In any traditional Chinese pharmacy, one of the first things to strike a foreigner is always the ingredients… Frankly, they’re a little strange: dried sea horses, geckos, snakes, worms, a stuffed deer and one lone owl gazing down from above.

Meanwhile, they’re hovered over by serious pharmacists in lab coats, consulting giant medical tomes. It all seems rather incongruous. But this is not “Macbeth.” This is as much a part of China’s history as anything else.

Take, for example, snakes. They’re used for “wind expulsion” and “channel clearance”—which means they’ll do wonders for sagging energy levels and weak immunity.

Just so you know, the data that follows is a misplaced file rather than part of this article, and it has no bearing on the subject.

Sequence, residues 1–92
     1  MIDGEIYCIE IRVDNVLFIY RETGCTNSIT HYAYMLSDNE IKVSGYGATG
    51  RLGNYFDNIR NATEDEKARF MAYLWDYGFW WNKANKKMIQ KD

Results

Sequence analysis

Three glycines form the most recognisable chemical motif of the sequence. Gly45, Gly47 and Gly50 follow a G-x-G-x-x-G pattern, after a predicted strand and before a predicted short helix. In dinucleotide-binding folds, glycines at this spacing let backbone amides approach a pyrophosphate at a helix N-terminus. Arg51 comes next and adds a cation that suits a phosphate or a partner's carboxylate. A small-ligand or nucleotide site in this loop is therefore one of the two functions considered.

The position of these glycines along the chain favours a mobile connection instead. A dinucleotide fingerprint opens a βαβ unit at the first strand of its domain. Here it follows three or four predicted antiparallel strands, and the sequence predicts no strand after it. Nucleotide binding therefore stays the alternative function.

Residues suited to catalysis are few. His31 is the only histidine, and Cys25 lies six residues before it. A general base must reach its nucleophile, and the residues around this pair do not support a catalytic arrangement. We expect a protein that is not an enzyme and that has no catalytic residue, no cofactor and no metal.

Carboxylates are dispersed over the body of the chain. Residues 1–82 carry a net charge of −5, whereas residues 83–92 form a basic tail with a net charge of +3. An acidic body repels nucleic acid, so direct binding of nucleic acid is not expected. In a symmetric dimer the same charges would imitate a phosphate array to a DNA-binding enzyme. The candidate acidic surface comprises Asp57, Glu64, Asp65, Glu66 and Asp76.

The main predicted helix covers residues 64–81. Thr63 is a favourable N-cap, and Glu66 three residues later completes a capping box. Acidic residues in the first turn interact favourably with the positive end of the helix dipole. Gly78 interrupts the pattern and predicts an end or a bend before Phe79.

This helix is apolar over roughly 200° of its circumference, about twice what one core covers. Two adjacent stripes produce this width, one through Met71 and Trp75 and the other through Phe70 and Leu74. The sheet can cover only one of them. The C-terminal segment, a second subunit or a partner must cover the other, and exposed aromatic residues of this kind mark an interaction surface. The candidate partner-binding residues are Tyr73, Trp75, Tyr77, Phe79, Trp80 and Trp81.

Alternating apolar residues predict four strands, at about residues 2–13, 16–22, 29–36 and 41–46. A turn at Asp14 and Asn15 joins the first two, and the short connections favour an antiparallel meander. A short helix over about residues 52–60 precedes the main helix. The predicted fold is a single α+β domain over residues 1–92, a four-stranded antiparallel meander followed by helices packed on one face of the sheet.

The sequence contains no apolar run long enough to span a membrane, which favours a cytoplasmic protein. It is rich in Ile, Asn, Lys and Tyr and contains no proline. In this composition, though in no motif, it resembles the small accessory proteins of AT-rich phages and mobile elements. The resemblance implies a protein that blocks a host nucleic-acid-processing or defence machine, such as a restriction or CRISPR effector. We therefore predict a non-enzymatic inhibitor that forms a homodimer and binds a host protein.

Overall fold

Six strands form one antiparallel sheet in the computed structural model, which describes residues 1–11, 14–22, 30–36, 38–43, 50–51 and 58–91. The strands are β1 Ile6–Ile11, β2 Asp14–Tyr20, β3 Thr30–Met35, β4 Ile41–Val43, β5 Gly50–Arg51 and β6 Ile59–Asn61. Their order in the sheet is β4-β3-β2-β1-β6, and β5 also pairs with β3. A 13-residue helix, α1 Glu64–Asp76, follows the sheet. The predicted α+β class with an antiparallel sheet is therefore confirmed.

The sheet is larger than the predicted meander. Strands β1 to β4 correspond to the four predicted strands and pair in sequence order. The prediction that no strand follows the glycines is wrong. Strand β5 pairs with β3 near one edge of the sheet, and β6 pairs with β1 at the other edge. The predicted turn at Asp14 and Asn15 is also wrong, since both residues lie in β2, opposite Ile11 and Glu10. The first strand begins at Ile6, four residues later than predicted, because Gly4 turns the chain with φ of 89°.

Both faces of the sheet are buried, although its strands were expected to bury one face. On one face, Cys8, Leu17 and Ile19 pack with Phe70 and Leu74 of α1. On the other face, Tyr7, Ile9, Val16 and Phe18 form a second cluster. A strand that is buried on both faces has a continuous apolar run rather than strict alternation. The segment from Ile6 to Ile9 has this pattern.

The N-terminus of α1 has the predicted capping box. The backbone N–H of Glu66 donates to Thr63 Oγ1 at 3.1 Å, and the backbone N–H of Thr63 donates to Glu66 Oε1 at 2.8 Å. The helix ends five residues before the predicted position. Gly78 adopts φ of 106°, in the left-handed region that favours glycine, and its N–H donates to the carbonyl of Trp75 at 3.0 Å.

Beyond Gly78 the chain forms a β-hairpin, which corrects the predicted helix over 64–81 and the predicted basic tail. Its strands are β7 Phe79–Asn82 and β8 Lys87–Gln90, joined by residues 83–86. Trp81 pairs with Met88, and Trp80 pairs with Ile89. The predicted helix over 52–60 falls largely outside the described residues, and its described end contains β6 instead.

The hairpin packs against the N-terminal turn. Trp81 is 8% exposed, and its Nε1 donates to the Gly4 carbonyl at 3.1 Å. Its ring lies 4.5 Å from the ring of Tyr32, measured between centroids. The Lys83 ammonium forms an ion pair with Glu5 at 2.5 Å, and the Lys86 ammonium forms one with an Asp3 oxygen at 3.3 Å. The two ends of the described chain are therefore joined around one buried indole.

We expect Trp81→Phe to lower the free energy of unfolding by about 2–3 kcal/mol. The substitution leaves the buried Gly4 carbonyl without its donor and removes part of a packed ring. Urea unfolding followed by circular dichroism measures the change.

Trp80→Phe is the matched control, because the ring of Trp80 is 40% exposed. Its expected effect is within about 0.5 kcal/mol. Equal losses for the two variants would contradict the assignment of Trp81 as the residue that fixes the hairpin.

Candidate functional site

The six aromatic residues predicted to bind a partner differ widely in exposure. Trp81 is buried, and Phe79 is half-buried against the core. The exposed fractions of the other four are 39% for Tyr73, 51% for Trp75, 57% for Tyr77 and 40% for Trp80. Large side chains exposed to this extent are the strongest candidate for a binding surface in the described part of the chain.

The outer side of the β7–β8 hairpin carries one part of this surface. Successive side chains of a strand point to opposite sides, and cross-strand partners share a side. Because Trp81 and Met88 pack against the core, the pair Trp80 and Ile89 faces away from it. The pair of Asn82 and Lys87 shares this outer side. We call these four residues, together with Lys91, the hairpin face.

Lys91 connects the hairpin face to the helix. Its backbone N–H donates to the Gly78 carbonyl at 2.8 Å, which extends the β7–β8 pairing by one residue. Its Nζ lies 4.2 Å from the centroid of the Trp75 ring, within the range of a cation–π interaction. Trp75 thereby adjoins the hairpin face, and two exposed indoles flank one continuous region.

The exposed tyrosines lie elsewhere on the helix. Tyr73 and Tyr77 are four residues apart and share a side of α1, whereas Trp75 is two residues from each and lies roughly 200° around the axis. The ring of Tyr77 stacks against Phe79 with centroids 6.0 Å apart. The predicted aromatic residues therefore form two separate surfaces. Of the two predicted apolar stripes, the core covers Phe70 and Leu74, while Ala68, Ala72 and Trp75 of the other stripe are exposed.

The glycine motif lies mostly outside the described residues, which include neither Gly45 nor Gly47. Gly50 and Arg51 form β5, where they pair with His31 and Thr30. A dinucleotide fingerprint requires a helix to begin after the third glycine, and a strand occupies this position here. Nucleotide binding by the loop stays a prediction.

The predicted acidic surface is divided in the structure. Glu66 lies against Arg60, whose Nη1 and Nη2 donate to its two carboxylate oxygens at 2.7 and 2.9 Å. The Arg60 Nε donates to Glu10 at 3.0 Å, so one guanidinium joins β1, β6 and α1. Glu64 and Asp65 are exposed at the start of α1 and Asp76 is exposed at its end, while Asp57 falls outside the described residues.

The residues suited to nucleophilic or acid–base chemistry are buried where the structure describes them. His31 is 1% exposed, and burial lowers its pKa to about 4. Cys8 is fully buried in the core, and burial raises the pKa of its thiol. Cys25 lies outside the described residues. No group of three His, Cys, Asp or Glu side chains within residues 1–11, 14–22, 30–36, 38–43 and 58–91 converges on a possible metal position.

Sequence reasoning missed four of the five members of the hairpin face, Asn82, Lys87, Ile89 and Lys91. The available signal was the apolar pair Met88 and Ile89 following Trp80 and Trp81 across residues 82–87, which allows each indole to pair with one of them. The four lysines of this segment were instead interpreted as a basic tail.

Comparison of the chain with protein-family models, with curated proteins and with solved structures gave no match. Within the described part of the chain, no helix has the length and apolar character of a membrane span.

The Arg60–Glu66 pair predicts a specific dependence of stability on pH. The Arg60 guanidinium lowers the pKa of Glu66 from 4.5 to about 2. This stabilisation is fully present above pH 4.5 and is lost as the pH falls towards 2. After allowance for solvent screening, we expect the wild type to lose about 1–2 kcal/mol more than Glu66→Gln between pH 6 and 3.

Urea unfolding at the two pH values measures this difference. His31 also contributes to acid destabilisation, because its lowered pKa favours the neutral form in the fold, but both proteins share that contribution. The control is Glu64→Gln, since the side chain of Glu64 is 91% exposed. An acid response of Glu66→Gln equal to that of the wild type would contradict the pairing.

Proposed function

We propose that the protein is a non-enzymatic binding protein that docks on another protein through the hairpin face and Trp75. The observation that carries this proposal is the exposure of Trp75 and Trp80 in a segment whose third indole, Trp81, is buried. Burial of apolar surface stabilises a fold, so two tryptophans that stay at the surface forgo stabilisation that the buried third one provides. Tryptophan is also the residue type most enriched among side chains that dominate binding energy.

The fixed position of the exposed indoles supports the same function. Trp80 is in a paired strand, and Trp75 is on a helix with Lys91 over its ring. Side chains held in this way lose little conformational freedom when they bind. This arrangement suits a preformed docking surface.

Back in the Tang Dynasty (618-907), an unnamed villager suffered from a terrible skin disease. Boils and lesions covered his entire body. After drinking from a vat of wine over a period of time, his skin unexpectedly started to clear up. Everyone was shocked—no one could quite work out what had cured his ailments. That is, until a large, rotten snake was discovered lying at the bottom of the barrel. The snake, it was hypothesized, could cure skin diseases!